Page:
Music Features

Divining truth

Singer-songwriter Piers Faccini gets to the heart of the matter
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"Basically, it's a mystery as to why someone who is brought up in Western Europe and is primarily the product of French and English culture should hear Ali Farka Touré at the age of 19 and feel like a thunderbolt just bashed them on the head," Piers Faccini says.

It was the late '80s, and after spending much of his childhood in rural France, Faccini was back in his native London, playing in a band that covered the Smiths. Read more »

Sail away

Ex–Red Threader Jason Lakis voyages solo with Mist and Mast
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Jason Lakis is proving to be his own best bandmate. The former frontperson of Bay Area country-slowcore outfit the Red Thread, which split this summer after three stellar LPs, has lately reemerged as Mist and Mast — a solo act, though you wouldn't guess it. Mist's eponymous debut, which Lakis released on his Oakland Petting Zoo label, finds the artist playing every part — and sounding sneakily like some well-rehearsed group. Read more »

Redevelopment blues

Devastation and hope in the Fillmore
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James Baldwin said it most eloquently and publicly: "Urban renewal ... means Negro removal" — during a 1963 TV interview on meeting a boy displaced by the Fillmore-area redevelopment projects of the '50s and '60s. Wondering what happened to the Fillmore's vibrant jazz, blues, and R&B clubs — which once drew musical giants like Ella Fitzgerald and Duke Ellington and fostered local neophytes like Etta James and Chet Baker? Read more »

The Fillmore mess around

Players recall the once sizzling, oft-forgotten Western Addition jazz era
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San Francisco's Fillmore District, Willie Brown once said, "had to be the closest thing to Harlem outside of New York." The Fillmore was in its golden era when the future mayor, then a teenager, arrived in 1951 from segregated Mineola, Texas. The 20 blocks that constitute the heart of the Fillmore then bustled with commerce and culture. Read more »

Goldie winner -- Music: Wooden Shjips

The dark star that lurks beneath flower power
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Wooden Shjips released their "Dance, California/Clouds over Earthquake" 7-inch single (Sick Thirst) last year in much the same way as they had their instigating, self-released Shrinking Moon for You 10-inch: packaged in an unassuming, clear plastic sleeve with hardly any information besides song titles. Beyond sending bloggers and journalists into a tizzy over their sexy, squalling grooves, this set confirmed Wooden Shjips as essential California. Read more »

Goldie winner -- Music: The Finches

The forest folk sounds of a marine girl and boy
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We wish they all could be California girls — or pure products of the Bay like the Finches' Carolyn Pennypacker Riggs. On the phone from New York City, where she's playing a series of CMJ-related shows, the singer-songwriter is as laid-back about scheduling an interview ("Whatever's clever!" she says merrily) as she is playfully lickety-split with a quirky quip, a roll-off-the-tongue rhyme, or an unguarded revelation (of a new Los Angeles job that requires the 26-year-old be on her feet all day, she says, "I wear a knee brace. Read more »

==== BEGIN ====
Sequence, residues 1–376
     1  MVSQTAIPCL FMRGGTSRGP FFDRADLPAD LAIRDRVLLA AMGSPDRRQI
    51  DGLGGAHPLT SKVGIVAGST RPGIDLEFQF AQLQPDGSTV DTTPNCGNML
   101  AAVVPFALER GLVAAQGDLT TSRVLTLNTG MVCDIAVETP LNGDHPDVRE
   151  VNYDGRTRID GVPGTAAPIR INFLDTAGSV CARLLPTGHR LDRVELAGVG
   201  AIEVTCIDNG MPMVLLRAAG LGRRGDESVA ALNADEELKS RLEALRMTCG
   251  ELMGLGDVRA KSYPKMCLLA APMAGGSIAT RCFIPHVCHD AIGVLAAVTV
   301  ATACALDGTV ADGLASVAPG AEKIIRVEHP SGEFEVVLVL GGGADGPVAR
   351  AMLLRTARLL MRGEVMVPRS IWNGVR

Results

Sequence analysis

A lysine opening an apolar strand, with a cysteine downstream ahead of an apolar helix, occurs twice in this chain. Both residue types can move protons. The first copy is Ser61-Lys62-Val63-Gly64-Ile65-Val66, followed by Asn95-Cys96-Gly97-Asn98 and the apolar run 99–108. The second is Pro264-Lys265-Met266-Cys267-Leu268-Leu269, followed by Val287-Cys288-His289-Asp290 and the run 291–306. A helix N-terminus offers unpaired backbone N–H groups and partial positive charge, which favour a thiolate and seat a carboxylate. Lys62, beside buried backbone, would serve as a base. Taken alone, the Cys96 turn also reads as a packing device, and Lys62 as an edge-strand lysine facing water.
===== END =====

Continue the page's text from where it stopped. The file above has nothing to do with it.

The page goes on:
Goldie winner -- Music: Kirby Dominant

New wave thuggin' and contemplative domination
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In hip-hop the path to wisdom passes through comedy. It's been that way since Biz Markie got people thinking about romance and friendship and De la Soul got touchy-feely over Steely Dan samples. Think of Prince Paul, who could teach Woody Allen a thing or two about using psychoanalysis as a filter for funny societal commentary. Think of Kool Keith, a man of many masks who has riffed on medical authority as creatively as Prince Paul. Kirby Dominant is adding hot-like-fuchsia chapters to this tradition. Read more »

Goldie winner -- Music: Non-Stop Bhangra

Lose yourself in the rum-tum-tum
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A swish of beaded cerulean silk, jingles of hammered gold, the rousing ring of a tabla — and it's on, desi darlings. Read more »

Global chilling

Pioneering UK producer Tom Middleton releases his debut
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In 1994 an album came out that nearly put a class of DJs out of work. Those manning the decks at so-called chill-out rooms in countless clubs had good reason to fear Global Communication's 76:14 (Arista), for its lush, emotive melodies and almost infinite attention to detail maintained the excitement that surrounded electronic music at the time while fostering a desultory, languid mood. Read more »

Hail "Conqueror"

The heavy evangelism of Jesu's Justin Broadrick
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"Is that the venue? It looks like a shack!" Justin Broadrick says, and his bandmates laugh uproariously. They've just pulled up outside their venue in Austin, Texas, and it's not looking good. "Sorry," he apologizes to me on his cell phone. "It looks like a shed!" Broadrick is only joking, in surprisingly good spirits for being sick and a man who has a reputation as the king of bombast, the creative force behind the grindcore of Napalm Death in the '80s and the psychotic industrial blast beats of Godflesh in the '90s. Read more »